My two brothers and sister packed up and we all moved into Mom & Dad’s. We knew we had a week or so left with her and we needed to get things in order for her and my dad. My sister and I fell into the roles that we women do best – we cooked, cleaned and took care of Mom in her final days. Dad needed to sit this one out. He had been taking care of her for so long, that we just stepped into this role and let our brothers take care of Dad. My sister and I took shifts and set alarms for pain medication, cleaning Mom, changing Mom and all the usual nursely duties. We actually joked often that we weren’t very good at being nurses – I’m in marketing and my sister is an engineer. But we did our best and we think we did a pretty good job at the end. We grew very close to our hospice nurse – she was our lifeline as new nurses thrown into the fire. We hung on her every word or suggestion and looked forward to her daily visits. Every day I kept asking the nurse “is it today?” and she would calmly say “no, not yet, but soon.” I read the book “Gone from My Sight” (a hospice book) at least a hundred times and I knew every sign that would come. They all came and I recognized them immediately, but the last one was the hardest to accept. The death rattle. That’s a sound that I hope I never have to hear again. It still haunts me at night. It was this sound that made me officially break. I had to leave the house at midnight that night and I felt like I could never return. I wasn’t strong enough and I was O-U-T. I actually quit my new nursing job which made my sister outraged. But at that moment, I had to do that, for me and to regain any strength I had left to do what came next.
I slept that night for just a few hours. I heard my sister go into Mom’s room, give her the medication and climb back in bed. I wished I had as much courage as my big sister. But at that moment I did not, there is a reason she was born first:-) The next morning, the hospice nurse came and when I asked her the question “is it today?”, her answer was “yes, it’s today.” I can’t tell you what came over me, but I knew exactly what I needed to do. The nurse told us to tell Mom when we were leaving the room, even if just a few minutes. She assured us that Mom could still understand us, even though it didn’t seem like it. She reminded us that sometimes your loved ones don’t want to die in front of you. This made us chuckle a little because we had been having “happy hours” in her room every night. At one point, we had my dying mom, her sister, my sister, my niece and my sister-in-law all sitting in Mom’s bed telling stories and laughing over our glass(es) of wine. That’s how we Kinney’s do things. It’s a big party, no matter what the situation. My sister and I thought – OMG, we are doing this all wrong, she has been trying to go all this time and we have been smothering her. I couldn’t have been more wrong.
So I took the nurse’s advice and shortly after she left that morning, I told Mom that we were going for a walk. We’d be back in 30 minutes, but we needed some fresh air. I remember staring at her for a minute or so and something made me put two fingers on her nose. Nothing looked any different, but something made me touch her nose. When I did, it felt like an ice cube. It took a few seconds for this to register, but when it did, I knew that it was happening NOW. So we called everyone in the room and just then, Mom took her last two breaths. She was surrounded by all four of her children, her hubby of 55 years, her sister and brother-in-law, her daughter-in-law and one granddaughter and it was absolutely perfect. Just the way she wanted it. Breaking all of the hospice rules, just like her to call her own shots.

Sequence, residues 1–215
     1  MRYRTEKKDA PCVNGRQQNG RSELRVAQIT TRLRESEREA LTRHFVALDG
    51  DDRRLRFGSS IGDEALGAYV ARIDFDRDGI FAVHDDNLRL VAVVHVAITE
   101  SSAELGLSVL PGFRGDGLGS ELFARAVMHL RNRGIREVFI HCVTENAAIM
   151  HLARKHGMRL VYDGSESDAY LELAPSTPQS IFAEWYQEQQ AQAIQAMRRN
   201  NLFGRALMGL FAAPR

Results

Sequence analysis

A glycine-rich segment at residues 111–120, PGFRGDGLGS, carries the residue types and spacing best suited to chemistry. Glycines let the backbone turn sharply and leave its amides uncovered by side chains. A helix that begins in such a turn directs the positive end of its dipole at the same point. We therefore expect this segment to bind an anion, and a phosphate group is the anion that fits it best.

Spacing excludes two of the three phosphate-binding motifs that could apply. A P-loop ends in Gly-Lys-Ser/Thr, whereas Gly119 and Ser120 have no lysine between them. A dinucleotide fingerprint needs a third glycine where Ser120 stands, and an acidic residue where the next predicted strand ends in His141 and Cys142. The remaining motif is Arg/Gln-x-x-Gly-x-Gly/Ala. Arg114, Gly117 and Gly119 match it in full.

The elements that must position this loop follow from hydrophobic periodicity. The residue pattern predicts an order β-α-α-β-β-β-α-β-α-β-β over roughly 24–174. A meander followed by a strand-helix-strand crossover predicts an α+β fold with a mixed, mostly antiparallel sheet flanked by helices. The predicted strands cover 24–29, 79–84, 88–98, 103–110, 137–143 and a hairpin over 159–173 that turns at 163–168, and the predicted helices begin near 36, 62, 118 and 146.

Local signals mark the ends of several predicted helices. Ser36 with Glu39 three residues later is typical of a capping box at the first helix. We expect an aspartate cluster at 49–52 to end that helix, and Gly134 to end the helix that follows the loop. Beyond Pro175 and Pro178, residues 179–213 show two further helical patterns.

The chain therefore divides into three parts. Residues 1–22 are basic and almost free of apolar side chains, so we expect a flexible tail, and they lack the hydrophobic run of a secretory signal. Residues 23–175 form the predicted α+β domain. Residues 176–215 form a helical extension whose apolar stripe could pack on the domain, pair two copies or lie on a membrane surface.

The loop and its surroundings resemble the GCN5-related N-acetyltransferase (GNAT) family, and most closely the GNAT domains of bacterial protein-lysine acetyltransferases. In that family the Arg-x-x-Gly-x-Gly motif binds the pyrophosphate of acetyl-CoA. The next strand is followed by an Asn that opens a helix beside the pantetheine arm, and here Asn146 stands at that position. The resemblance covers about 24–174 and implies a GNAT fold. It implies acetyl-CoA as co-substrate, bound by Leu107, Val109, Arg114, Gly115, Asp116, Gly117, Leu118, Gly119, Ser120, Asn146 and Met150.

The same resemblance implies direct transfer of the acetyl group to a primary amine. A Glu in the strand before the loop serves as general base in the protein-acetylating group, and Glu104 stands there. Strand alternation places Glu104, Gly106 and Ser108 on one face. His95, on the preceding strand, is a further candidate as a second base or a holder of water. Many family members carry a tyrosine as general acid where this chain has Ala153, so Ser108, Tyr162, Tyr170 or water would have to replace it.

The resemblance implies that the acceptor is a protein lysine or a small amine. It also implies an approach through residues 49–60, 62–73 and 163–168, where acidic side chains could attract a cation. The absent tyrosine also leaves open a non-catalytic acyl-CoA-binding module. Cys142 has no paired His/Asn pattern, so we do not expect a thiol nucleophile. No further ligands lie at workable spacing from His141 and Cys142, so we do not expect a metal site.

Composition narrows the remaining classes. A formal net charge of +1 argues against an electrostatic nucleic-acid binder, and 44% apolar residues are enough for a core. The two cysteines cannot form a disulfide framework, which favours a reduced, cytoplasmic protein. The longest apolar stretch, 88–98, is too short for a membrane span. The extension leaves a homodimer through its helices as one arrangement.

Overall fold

Those last five days of Mom’s life were the biggest gift she could ever give to me. Perspective. It was such a privilege to experience that journey with Mom as she transitioned over. Mom showed us signs every day that week, which were amazing. It was as if she was still teaching us things in her final days, making sure we were all ready. She showed us that the angels were present and she told us who visited her from heaven each night. If there was any doubt before, there is no doubt in my mind now that there is an after life. I know Jesus was in our room that morning on July 25th and for that, I feel like my life has been forever changed.
I learned a lot about myself, my family and my perspective in life in those five days. I pledged a new “sorority” so to speak – those of us who have lost a parent. You can pick us out in a skinny minute. You see, these women know what they are doing when they have a new pledge sister. I didn’t figure this out until I received the special notes, meals, cards, gifts and words of encouragement that only someone who has walked in your shoes could offer. Thank you to everyone, I have the best friends ever:-) These women continue to rally around me and for that I am forever thankful. I have already payed it forward with a few new pledge sisters behind me, as difficult as it was because my grief was still so new. We all agree that we are forever bonded and will vow to help all of those behind us as they enter the journey of losing a parent. Each and every one of us will lose our parents ~ it’s just such a bummer when it’s your turn.
I have one last story to share today. I’ve had this blog in draft mode for quite some time. I think for me, writing about my mom’s death made it too real and too raw. So I’ve deliberately kept it semi-private (very un-Jen of me:-). But I decided that it needed to go public today for a very special reason. Today would be Jen Bunich’s 43rd birthday and for those of you who know me well, you know I wholeheartedly believe Jen is my personal angel. She has guided me through everything since her passing, including my Mom’s death. Lately, I have been looking for new signs from my mom, but they seem to have vanished and left me feeling very disappointed. Until today when I received this gift from my dear friend in barre class and it literally took my breath away:
My mom had the BIGGEST collection of angels you’ve ever seen, that’s all she talked about throughout her 20-year battle, the angels and the saints and how they have guided her throughout her journey. When I opened this thoughtful gift (from the talented artist herself:-), I immediately started crying tears of joy. This was my official sign from Mom all wrapped up in Smarty pink! Mom is telling me that she’s OK and will always be my guardian angel too, alongside my Jen.
I hope you enjoy some of my favorite photos of my mom:
One big happy fam, circa 1972!
My Wedding Day
My First Holy Communion
Ansley’s First Holy Communion
Isabel’s First Holy Communion
Mom & Her Granddaughters
More of the girls!
I think Mom may have been more excited to be a Grandma of twins than I was to be a Mama of twins!
The big 5-0 Wedding Anniversary, the greatest love story of all!
She adored her grandkids!
The girls on Christmas
Grandma goes uptown!
The boys all grown up!
Vero Beach, FL
Our last family reunion pic – advice…get lots more of these taken:-)
Mom at Dinner
The JMSD Ballet Recital – Mom was a dancer too!
Hug your Mamas today for me:-)